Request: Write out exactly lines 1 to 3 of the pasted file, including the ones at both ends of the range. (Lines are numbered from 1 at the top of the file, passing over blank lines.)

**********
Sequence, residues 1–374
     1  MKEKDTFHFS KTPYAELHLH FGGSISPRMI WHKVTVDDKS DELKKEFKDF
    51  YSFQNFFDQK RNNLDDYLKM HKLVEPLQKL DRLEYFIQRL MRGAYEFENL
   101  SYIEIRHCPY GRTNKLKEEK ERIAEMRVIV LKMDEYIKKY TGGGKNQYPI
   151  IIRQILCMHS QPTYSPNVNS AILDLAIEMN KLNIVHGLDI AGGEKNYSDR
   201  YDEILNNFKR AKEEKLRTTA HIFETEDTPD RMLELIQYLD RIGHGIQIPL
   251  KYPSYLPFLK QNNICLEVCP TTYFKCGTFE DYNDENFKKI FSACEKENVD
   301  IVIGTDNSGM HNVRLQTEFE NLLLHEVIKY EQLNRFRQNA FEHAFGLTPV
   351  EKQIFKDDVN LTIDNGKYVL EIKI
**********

Sequence, residues 1–374
     1  MKEKDTFHFS KTPYAELHLH FGGSISPRMI WHKVTVDDKS DELKKEFKDF
    51  YSFQNFFDQK RNNLDDYLKM HKLVEPLQKL DRLEYFIQRL MRGAYEFENL